Newly found gene triples risk for Alzheimer's disease
Scientists have identified a new gene variant that seems to strongly raise the risk for Alzheimer's disease, giving a fresh target for research into treatments for the mind-robbing disorder.
The problem gene is not common – less than 1 percent of people are thought to have it – but it roughly triples the chances of developing Alzheimer's compared to people with the normal version of the gene. It also seems to harm memory and thinking in older people without dementia.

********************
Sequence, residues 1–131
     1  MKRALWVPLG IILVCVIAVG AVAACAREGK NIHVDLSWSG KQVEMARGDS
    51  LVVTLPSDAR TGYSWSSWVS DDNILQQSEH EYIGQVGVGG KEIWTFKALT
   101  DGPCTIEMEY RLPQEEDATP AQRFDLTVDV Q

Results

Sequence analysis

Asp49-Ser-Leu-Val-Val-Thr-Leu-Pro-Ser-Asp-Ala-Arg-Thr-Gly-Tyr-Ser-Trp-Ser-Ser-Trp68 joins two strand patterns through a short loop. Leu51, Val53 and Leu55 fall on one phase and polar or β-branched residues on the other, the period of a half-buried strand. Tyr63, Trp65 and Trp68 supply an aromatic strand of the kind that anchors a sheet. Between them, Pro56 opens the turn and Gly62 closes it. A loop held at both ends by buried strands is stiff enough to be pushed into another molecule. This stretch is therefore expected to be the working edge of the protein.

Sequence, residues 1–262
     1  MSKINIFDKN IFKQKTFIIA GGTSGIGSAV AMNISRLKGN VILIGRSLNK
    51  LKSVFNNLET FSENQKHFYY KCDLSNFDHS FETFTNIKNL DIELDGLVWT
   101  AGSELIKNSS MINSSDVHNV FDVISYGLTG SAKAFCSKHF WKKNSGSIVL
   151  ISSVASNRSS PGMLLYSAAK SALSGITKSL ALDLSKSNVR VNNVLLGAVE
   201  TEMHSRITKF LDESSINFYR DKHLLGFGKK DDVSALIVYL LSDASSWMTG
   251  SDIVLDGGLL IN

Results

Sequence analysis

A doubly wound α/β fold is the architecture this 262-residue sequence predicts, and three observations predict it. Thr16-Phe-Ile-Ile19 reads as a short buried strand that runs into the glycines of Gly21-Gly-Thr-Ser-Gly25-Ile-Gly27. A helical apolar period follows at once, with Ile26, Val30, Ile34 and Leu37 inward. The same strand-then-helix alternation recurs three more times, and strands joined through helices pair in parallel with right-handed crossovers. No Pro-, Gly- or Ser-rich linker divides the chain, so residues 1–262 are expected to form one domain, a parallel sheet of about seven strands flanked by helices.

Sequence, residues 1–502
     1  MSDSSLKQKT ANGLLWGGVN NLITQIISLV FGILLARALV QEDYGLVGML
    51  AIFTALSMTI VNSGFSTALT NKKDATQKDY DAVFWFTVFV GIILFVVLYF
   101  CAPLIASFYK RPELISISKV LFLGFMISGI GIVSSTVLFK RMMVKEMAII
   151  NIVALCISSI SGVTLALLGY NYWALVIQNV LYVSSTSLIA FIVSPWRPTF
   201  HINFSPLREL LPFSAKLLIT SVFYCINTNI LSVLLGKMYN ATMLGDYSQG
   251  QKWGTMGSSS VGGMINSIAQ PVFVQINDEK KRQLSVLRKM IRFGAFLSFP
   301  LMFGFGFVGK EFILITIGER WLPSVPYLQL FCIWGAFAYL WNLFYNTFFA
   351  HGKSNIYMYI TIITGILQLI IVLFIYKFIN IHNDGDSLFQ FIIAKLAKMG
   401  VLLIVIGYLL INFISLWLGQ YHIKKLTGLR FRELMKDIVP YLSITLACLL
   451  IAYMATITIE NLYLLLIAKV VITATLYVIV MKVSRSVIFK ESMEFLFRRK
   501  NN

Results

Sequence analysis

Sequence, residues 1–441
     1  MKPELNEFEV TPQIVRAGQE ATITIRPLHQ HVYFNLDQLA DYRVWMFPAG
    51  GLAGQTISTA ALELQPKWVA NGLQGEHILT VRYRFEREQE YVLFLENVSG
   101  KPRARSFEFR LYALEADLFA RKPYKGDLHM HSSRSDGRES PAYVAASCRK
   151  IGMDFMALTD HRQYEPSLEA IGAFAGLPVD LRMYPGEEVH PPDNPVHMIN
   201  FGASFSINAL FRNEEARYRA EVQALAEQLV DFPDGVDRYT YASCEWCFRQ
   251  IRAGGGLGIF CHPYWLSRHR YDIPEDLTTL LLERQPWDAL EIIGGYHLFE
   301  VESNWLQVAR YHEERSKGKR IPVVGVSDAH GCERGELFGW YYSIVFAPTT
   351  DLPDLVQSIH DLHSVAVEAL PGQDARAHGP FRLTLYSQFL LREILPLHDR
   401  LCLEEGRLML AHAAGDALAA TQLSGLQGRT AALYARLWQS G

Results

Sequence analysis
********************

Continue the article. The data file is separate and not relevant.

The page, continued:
The main reason scientists are excited by the discovery is what this gene does, and how that might reveal what causes Alzheimer's and ways to prevent it. The gene helps the immune system control inflammation in the brain and clear junk such as the sticky deposits that are the hallmark of the disease. Mutations in the gene may impair these tasks, so treatments to restore the gene's function and quell inflammation may help.
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